Vets also recommend keeping corn away from your cat’s plate if they’re overweight. (They tend to be pretty high in calories – way more than what your cat might need in a day.) Here’s how you can figure out your cat’s body condition score.

Can cats eat potatoes?

Yes, boiled or cooked plain potatoes are safe for cats to eat. But again, much like carrots or corn, they likely do more to improve your health over your cat’s. In general, it’s fine to give them a lick or bite of potatoes off your kid’s plate – but only in moderation.

On the other hand, raw potatoes contain solanine, a chemical that’s harmful to cats.6 So make sure to cook your potatoes to get rid of it. Also, avoid serving your cat potatoes that have been buttered, salted, or seasoned. Your cat’s digestive system isn’t built to handle them.

Can cats eat lettuce?

Yes, and it might even be beneficial for them. Lettuce is a hydrating vegetable that’s both low in calories and high in micronutrients. So it can be a great option for cats who aren’t drinking enough water.

A cat sniffing a bowl of vegetables

Can cats eat shrimp?

Yes, but only cooked and in moderation. Shrimp is a great source of protein for your cat. And by cooking it, you also help get rid of any harmful bacteria that might give your cat any digestive problems.7

In general, both wild and farmed shrimp are safe for cats to eat. But try and make it an occasional treat. Farmed shrimp might contain traces of antibiotics and wild shrimp traces of mercury. Both of which can be harmful to your cat in high amounts and with repeated exposure.

Besides, make sure to remove any parts of the shrimp that might dislodge into your cat’s throat instead. (Like the head, tail, and shell.)

Can cats eat sardines?

Yes, and they’re excellent for your cat’s health overall.8 Sardines contain healthy omega-3 oils which are great for your cat’s eyes and heart. In fact, if you’ve got a senior cat at home, they’ll benefit from a diet high in oily fish and healthy fats. (Because it can help them with mobility-reducing conditions like arthritis.)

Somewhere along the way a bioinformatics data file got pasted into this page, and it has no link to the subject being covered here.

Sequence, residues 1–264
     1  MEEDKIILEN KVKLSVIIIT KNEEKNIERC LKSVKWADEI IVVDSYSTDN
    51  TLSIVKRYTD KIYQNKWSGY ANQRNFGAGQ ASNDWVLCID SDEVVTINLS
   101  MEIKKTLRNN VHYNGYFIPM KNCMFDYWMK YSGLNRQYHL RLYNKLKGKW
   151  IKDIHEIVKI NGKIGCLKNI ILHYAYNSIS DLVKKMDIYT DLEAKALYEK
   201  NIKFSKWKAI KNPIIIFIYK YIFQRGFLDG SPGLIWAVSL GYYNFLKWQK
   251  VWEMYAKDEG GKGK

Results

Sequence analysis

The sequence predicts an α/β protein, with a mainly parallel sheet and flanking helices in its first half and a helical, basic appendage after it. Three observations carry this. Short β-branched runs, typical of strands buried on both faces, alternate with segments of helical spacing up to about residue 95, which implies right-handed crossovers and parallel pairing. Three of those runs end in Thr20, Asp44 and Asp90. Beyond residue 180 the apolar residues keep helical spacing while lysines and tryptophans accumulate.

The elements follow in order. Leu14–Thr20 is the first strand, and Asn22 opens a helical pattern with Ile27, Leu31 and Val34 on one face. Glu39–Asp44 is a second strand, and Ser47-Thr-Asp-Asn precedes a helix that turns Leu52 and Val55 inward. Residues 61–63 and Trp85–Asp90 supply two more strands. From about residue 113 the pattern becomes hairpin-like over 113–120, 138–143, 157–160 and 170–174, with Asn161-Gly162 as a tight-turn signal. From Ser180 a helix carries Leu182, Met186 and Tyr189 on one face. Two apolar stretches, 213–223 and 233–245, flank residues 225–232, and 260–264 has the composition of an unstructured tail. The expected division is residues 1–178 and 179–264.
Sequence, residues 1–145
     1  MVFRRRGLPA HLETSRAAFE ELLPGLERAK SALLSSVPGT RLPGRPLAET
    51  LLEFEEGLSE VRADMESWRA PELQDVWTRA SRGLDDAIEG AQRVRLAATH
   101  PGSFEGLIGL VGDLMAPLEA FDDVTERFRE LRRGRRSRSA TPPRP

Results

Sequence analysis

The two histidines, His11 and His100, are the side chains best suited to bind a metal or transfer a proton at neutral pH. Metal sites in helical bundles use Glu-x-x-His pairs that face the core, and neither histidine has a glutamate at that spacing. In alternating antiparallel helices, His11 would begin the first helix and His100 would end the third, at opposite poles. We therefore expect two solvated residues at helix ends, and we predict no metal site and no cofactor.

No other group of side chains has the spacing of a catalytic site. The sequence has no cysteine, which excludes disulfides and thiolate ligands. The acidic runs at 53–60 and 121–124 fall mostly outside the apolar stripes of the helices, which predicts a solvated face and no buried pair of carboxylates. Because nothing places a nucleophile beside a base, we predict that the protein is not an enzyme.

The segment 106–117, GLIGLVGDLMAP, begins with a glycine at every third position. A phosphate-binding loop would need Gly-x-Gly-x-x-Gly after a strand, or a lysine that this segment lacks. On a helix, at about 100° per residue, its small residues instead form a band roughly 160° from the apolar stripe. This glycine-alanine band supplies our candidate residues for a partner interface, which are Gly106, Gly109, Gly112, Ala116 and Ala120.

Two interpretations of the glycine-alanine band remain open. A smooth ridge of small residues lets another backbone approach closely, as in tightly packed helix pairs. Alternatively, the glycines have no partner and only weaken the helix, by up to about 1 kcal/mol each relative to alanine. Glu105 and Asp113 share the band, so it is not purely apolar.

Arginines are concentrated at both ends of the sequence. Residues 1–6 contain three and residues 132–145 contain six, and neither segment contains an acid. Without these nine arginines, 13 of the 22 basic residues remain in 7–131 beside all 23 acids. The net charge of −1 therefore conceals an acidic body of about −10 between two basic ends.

Can cats eat tuna?

Yes, but only in small amounts. If you’re feeding them canned tuna that’s prepared for humans instead, watch out. You might be feeding them more unsaturated fats than their systems can handle. Which, in the long run, might make your cat gain weight and harm their overall health.

A cat eating on a rock besides the sea

Can cats eat bread?

Yes, in general cats can eat small amounts of bread on occasion. But much like potatoes, it doesn’t offer them much nutritional value. So it’s best not to replace your cat’s regular diet with bread instead.

Now that we’ve covered what human foods cats can eat – how about the “food” your cat might find in your garden or lawn?

What plants can cats eat? 

Ever found your cat nibbling on your houseplants or on the grass in your backyard? Yes, it’s true – cats can and do eat grass on rare occasions. (Usually to help them digest their meat-based meals better.) Here’s a deep dive into why cats eat grass and what steps you can take to build a cat-friendly garden.

Can cats eat grass?

Yes, in most cases, grass is actually safe for cats to eat. Just make sure it’s not been sprayed with pesticides or any other harmful chemicals. You could invest in cat grass as well – aka, certain species of grass (like oats, barley, and millet) that are safe for cats to eat.

A cat standing in a grassy patch of forest, surrounded by plants

Can cats eat catnip?